Monday, February 9, 2009


John Lindsay, who was apparently the top lawyer at UNRWA from 2002-2007, isn't exactly the type of person you'd expect to find at the Washington Institute for Near East Policy. Still, someone had the inspired idea of hosting him, and the result seems to have been worth the effort. He has recently published a paper about what UNRWA does and what it could do better. I have so far only read the first few pages, in between other more pressing activities, but it certainly seems an item we need to be looking at (p. xi):
The most important change, the one most
required and least subject to rational disagreement,
is the removal of citizens from recognized states—
persons who have the oxymoronic status of “citizen
refugees”—from UNRWA’s jurisdiction. This would
apply to the vast majority of Palestinian “refugees”
in Jordan, as well as to some in Lebanon. If a Palestinian
state were created in Gaza and/or the West
Bank, such a change would affect Palestinian refugees
in those areas. Meanwhile, for those who are still
defined as refugees, UNRWA’s move toward greater
emphasis on need-based assistance, as opposed to
status-as-refugee-based assistance, should be accelerated.
No justification exists for millions of dollars
in humanitarian aid going to those who can afford
to pay for UNRWA services. In addition, UNRWA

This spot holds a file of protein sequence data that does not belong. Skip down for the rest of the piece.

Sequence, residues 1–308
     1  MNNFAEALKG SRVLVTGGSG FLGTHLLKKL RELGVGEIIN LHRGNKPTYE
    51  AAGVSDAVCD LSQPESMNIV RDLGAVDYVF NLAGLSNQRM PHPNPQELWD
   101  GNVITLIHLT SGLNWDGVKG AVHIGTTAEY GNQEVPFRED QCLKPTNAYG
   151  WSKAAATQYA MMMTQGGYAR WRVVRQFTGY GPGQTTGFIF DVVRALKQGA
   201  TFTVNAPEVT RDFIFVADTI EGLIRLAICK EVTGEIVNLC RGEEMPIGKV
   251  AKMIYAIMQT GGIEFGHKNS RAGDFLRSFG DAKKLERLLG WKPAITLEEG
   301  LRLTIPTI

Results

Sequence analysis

should make the following operational changes: halt
its one-sided political statements and limit itself to
comments on humanitarian issues; take additional
steps to ensure the agency is not employing or providing
benefits to terrorists and criminals; and allow
the UN Educational, Scientific and Cultural Organization
(UNESCO), or some other neutral entity, to
provide balanced and discrimination-free textbooks
for UNRWA schools.
With the above changes, UNRWA would be better
aligned with what should be its ultimate objectives.
For the Palestinians it serves, this means ending their
refugee status and returning, after nearly sixty years, to
what most of them so desperately seek: normal lives.
According to Haaretz, the report is predictably raising hackles at UNRWA itself:
An UNRWA spokesman slammed the report, accusing the author of bias and a failure to employ a sufficiently wide range of sources.

"The agency is disappointed by the findings of the study, found it to be tendentious and partial, and regrets in particular the narrow range of sources used," Andrew Whitley, director of the UNRWA representative office at UN headquarters in New York, said.

"The study ignores the context in which UNRWA operates and the tight line the agency walks due to various pressures," Whitley said. "Someone reading this paper with no background would assume that the Israeli government was a benign actor. No mention is made of the occupation of the West Bank and the Gaza Strip."
Here's a proposed translation: Lindsay doesn't realize we're beholden to the Arab version of the story ("various pressures"), and his starting point isn't that Israel is the source of all evil. Sniff.

If I ever find the time I'll read and report, but now you know it's there, feel free not to wait for me. Go ahead, by all means.

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